Quantcast

Twenty-seven Questions for Stephen F. Cohen from Russia’s Leading Opposition Newspaper | The Nation

  •  

Twenty-seven Questions for Stephen F. Cohen from Russia’s Leading Opposition Newspaper

  • Share
  • Decrease text size Increase text size
Kremlevskaya Naberezhnaya street and Moscow skyline.

Kremlevskaya Naberezhnaya street and Moscow skyline (licensed through Creative Commons (Courtesy of Wikimedia Commons user Dmitry Azovtsev)

Contrary to general impressions in the West, several Russian newspapers are politically independent, irreverent and lively. They also vary in content, initiating new features to appeal to their specific readerships. One of the most innovative is the democratic opposition newspaper Novaya Gazeta (The New Gazette), edited by Dmitri Muratov, and which includes former Soviet President Mikhail Gorbachev as a minority shareholder. During its tenth anniversary year, 2003, it ran an occasional series entitled “Novaya’s Questionnaire” (Anketa), asking prominent people to answer the same questions without the mediation of an editor or interviewer. In this twentieth anniversary year, Novaya resumed the series. With few exceptions, the respondents have been Russian writers, political figures and other public personalities. One exception is Nation contributing editor Stephen F. Cohen, whose articles and books published in Moscow are known to many of Novaya’s readers. His “Questionnaire,” which appeared in the issue of October 14, is translated and posted below in a slightly edited form.

1. What might alienate you when you meet a person for the first time?
Excessive political correctness, which makes a meaningful intellectual or political relationship impossible; and excessive bad breath, which makes a close social relationship very difficult.

2. It is pointless to ask you to do—what?
To discuss God, because I lack sufficient knowledge.

3. Is there an incomplete undertaking you regret?
Looking back on my life, from my home state of Kentucky to Russia and elsewhere, and having had the good fortune to live in such interesting times, I deeply regret having failed to keep a consistent diary—and the lack of self-discipline it reflects.

4. What kind of book would you not permit your children to read?
After children reach a certain age, perhaps 14 or 15, there are no such books. I dislike all kinds of censorship, including the “benevolent” kind. Anyway, they will see and hear everything on television or on the Internet. Nor have I forced my children to read any books. As a result,only one of my three children, Nika, has read any of my own books, and she read only one, The Victims Return, because it is a partial memoir of our years together in Russia.

5. Which is more difficult for you to hear—words of gratitude or words of apology?
Neither is difficult to hear, if they are sincere. Indeed, all of us should express such sentiments more often—in order to acknowledge kindness or reliability on the part of others and to acknowledge our own imperfections.

6. What could you make with your hands to sell?
When I was young, I wanted to be a professional golfer. I no longer have those skills, but I can still teach people how to play golf, which involves the use of my hands; though when Stalin’s daughter, Svetlana, once asked me in Princeton to teach her, I politely declined.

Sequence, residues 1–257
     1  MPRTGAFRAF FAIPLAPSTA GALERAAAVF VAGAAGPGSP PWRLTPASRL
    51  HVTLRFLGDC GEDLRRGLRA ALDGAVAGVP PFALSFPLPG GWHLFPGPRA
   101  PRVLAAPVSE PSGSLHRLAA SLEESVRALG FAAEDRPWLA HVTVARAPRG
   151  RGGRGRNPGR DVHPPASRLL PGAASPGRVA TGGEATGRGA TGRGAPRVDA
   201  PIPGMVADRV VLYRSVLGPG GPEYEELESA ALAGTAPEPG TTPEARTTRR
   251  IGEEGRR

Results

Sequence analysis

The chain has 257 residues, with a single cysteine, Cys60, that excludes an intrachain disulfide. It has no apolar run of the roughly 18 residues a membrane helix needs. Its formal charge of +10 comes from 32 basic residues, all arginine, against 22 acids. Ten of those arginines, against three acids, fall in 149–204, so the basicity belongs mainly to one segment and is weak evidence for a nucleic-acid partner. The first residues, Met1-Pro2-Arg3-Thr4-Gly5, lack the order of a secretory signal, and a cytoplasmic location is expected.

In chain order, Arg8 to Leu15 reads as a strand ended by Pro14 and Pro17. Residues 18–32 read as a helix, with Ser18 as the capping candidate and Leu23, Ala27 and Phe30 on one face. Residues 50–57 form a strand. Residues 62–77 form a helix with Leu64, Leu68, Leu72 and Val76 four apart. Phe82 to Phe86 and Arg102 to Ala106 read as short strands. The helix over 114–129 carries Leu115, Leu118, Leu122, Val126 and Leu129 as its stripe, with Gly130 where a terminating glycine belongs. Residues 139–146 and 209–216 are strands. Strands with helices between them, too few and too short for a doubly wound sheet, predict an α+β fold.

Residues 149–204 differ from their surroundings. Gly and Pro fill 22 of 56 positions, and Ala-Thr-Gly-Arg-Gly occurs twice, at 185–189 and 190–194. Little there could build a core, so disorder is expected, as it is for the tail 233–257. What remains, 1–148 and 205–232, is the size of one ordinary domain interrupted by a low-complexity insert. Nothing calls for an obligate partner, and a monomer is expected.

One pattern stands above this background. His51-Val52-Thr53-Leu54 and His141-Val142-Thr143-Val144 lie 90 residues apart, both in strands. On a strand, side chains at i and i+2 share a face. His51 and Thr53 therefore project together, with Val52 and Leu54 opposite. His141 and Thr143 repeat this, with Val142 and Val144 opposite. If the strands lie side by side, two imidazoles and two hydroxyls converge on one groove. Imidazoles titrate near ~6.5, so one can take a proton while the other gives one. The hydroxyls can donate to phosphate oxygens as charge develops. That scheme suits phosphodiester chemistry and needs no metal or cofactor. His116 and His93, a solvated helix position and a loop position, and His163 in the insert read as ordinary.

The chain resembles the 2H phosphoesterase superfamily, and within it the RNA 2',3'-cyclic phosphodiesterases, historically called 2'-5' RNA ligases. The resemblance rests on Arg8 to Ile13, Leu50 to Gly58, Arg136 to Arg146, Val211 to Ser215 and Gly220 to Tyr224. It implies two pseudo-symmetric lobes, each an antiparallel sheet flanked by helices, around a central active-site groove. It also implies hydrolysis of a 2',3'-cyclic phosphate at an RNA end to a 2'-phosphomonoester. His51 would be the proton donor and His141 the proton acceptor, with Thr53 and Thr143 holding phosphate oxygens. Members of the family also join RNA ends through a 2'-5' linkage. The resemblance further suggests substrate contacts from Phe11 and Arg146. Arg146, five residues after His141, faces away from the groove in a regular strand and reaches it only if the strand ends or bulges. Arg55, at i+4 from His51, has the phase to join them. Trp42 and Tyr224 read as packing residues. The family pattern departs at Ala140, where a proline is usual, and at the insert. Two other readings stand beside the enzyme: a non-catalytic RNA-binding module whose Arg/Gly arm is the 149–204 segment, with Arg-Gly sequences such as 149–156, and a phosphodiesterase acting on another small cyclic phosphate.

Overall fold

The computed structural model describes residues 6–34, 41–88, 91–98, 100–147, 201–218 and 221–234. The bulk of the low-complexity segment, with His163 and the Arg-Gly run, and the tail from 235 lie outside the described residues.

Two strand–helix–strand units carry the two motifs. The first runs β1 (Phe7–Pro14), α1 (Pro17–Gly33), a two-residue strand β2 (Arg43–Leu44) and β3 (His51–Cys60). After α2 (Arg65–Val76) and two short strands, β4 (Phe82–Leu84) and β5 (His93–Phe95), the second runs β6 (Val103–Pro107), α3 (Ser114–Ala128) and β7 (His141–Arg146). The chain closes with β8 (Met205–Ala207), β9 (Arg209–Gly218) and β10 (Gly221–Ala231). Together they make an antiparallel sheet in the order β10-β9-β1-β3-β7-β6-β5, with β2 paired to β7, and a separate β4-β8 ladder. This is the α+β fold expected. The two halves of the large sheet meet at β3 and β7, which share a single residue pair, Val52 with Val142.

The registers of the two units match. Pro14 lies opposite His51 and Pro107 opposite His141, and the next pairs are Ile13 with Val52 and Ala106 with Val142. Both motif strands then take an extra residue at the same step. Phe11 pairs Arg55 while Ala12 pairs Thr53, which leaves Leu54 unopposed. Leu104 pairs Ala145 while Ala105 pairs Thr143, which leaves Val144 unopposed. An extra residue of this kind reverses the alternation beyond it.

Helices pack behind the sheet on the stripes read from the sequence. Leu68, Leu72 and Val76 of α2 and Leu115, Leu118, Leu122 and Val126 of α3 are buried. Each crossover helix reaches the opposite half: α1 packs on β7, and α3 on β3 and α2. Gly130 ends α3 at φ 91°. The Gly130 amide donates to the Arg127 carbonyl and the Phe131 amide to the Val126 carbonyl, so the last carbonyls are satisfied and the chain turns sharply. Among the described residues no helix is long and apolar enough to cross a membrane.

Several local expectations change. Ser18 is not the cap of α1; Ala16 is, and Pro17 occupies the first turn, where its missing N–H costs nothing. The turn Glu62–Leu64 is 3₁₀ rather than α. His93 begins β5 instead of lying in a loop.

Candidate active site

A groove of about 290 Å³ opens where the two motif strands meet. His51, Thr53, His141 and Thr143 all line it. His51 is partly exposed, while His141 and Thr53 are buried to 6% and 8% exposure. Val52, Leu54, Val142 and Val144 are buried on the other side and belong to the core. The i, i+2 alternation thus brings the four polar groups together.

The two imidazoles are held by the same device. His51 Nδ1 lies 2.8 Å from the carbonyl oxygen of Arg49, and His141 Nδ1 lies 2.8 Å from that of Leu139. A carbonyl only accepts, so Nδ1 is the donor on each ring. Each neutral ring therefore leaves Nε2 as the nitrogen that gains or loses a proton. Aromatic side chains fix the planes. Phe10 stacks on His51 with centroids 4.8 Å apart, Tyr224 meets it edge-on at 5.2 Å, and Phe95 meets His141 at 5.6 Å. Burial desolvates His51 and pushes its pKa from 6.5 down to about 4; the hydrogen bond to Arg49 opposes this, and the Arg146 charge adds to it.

7. Which attribute of your youth do you dream of regaining?
My abilities as a golfer and, when I was in my early 20s, the inclination to prepare myself to become some kind of political leader. Now they are personal variants of those “lost alternatives” I write about in my historical books and articles.

8. How much cash do you need in your pocket to feel comfortable?
Enough for a taxi, in case there is a sudden storm and no subway nearby; and for a slice of pizza (my favorite fast food) if I am hungry. Having spent so much time in less than fully safe neighborhoods, first as a basketball player and later as an organizer of tournaments, I developed the habit of having on me only as much money as I need.

9. What do you lack adequate time for on a daily basis?
Work, love (including sex) and sleep.

10. The element of comfort that is most difficult for you to do without?
Quiet and an absence of stress.

11. Was there an aspect of Soviet reality that you miss?
From 1976 to late 1982, when I could no longer obtain a Soviet visa, I often lived in Moscow under Brezhnev. I still miss two aspects of that Soviet reality: the close, honorable relationships among my Moscow friends; and the rich, uncensored, sincere “kitchen” conversations in their apartments. Later, from 1985 to 1992, I also lived frequently in Moscow. I miss the intellectual and political excitement, the hopes, and (yes) the great achievements of those perestroika years, now increasingly forgotten or derided, both in Russia and the West.

12. In your opinion, what are three defining features of contemporary Russia?
People who know me personally or my writings know that I never judge or lecture Russia, but these three inter-related features are objective, not my subjective opinion: the excessive concentration of wealth in too few hands; the political-economic system, including widespread corruption, which that feature created; and, as a result, the unwillingness of the financial élite and its many official retainers to permit truly free elections. (All this began, of course, in the Yeltsin 1990s, not under Putin.)